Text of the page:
Chris Henschke
Lichen Kelp 

ACMI X Studio,
Level 4, 2 Kavanagh Street, Southbank, Melbourne
6:00PM – 8:30pm  /  Free Event. Booking essential. 

Book Here.

For the final Experimenta Social of the year, we hear from two artists using the power of chemical compounds to fuel their creative practices. By harnessing the energies from chemical reactions, they are vividly transforming the ways we experience sound and light in live performance and dynamic installations.

Chris Henschke’s practise explores high-energy physics and experiments with the nature of chemical synthesis through live response installation art. His recent research has seen him develop experimental sound work based on programmable molecules at the CSIRO and harness radioactive energies from his work with CERN.

Lichen Kelp is a performance chemist and sculptor who works with scientific principles of experimentation, colour chemistry and chemical reactions. Her performances typically involve sound, live experimentation and observation resulting in surreal sensory landscapes.



Chris Henschke is an artist who works with digital and analogue media, sound and light, and high-energy physics. Since the end of the 20th Century, he has been exhibiting around Australia and internationally. A key component of his practice is in interdisciplinary and collaborative projects, and he has undertaken a variety of art residencies, including an online artist residency at the National Gallery of Australia, 2004, an Asialink residency, 2007, and two residencies at the Australian Synchrotron, supported by an Arts Victoria Arts Innovation grant, (2007); the Australia Council for the Arts Synapse program, (2010); and currently the ANAT CSIRO Residency – working with chemists who are developing Metal Organic Frameworks (MOFs).

Since 2000, he has developed courses and lectured in time-based and interactive media at RMIT University and Monash University, and the ‘Art vs Science’ seminar series at the Victorian College of the Arts Centre for Ideas. In 2012, he produced and presented at the ‘Colliding Ideas – Art, society and physics’ symposium, part of the International Conference on High Energy Physics, where the discovery of the Higgs Boson was announced.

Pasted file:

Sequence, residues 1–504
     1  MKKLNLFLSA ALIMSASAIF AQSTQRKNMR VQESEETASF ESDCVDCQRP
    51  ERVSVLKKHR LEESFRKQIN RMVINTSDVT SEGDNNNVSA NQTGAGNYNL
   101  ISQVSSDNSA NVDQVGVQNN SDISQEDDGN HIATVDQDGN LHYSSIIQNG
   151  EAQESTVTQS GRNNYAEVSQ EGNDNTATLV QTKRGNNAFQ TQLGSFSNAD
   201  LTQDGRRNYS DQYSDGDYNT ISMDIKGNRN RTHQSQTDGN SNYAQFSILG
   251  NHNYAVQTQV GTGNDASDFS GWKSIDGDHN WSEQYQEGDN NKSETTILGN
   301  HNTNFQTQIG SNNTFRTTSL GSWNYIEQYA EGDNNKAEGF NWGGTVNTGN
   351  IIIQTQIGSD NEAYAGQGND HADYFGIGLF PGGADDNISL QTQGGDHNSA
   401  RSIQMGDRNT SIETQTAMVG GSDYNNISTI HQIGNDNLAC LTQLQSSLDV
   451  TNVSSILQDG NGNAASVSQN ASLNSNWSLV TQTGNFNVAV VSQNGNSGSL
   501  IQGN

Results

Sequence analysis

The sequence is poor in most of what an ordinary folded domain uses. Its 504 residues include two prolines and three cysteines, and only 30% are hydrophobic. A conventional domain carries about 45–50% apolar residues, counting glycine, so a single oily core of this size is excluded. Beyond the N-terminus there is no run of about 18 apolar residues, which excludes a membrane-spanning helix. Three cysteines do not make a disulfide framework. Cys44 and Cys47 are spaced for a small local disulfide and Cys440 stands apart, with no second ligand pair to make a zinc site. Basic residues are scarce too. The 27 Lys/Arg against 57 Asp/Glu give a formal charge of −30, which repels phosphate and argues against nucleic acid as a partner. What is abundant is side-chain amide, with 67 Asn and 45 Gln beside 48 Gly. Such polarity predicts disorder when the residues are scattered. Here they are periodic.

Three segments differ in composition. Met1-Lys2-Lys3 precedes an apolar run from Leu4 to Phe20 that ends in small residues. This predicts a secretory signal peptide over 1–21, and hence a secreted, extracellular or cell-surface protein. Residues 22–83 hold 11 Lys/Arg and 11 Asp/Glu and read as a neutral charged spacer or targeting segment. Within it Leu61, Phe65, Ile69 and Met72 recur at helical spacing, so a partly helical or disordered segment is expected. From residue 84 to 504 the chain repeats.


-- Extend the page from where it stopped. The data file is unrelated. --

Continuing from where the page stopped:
Lichen Kelp works with scientific principles of experimentation, colour chemistry and chemical reactions to investigate the materiality of process, replicating changing weather patterns and reimagining nature. Fluid and subversive experiments and performances arise and result in submersive liquid paintings combining bubbling solutions and localised flora. Otherworldly landscapes created by domestic ingredients and a lurid botanical palette disrupt our notions of beauty and the (un)natural.

Lichen Kelp’s practice encompasses performance, photography, musical collaboration, curating artist residencies and group shows and public engagement through workshops, group actions and publications.

Experimenta Social is presented in partnership with ACMI X, and supported by Marc Besen AC and Eva Besen AO.

Image Credit: Kelp D/J with Benjamin Hancock, performing as part of ‘Why Listen to Plants’ (2018). Photo by Keelan O’Hehir

ACMI X – Venue  Access:
The venue is wheelchair accessible. Enter the Australian Ballet Centre building from Kavanagh St, into a lobby with elevators. Take the elevator to Level 4.  ACMI X is further up the corridor and on the left.  Amenities with wheelchair access are available on Level 4. There is on-site parking with elevator access.

Alternatively you can also get to ACMI X via St Kilda Rd, across the pedestrian bridge behind Arts Centre Melbourne to Australian Ballet Centre. ACMI X is located immediately to the right of the entrance.

Click here for more venue info.